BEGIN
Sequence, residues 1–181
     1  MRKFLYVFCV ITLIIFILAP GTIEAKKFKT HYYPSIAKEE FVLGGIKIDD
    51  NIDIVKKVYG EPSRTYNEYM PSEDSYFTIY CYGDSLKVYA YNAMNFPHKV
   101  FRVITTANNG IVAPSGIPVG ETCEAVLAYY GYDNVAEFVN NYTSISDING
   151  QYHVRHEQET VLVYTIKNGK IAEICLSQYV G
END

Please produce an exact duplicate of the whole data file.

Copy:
Sequence, residues 1–181
     1  MRKFLYVFCV ITLIIFILAP GTIEAKKFKT HYYPSIAKEE FVLGGIKIDD
    51  NIDIVKKVYG EPSRTYNEYM PSEDSYFTIY CYGDSLKVYA YNAMNFPHKV
   101  FRVITTANNG IVAPSGIPVG ETCEAVLAYY GYDNVAEFVN NYTSISDING
   151  QYHVRHEQET VLVYTIKNGK IAEICLSQYV G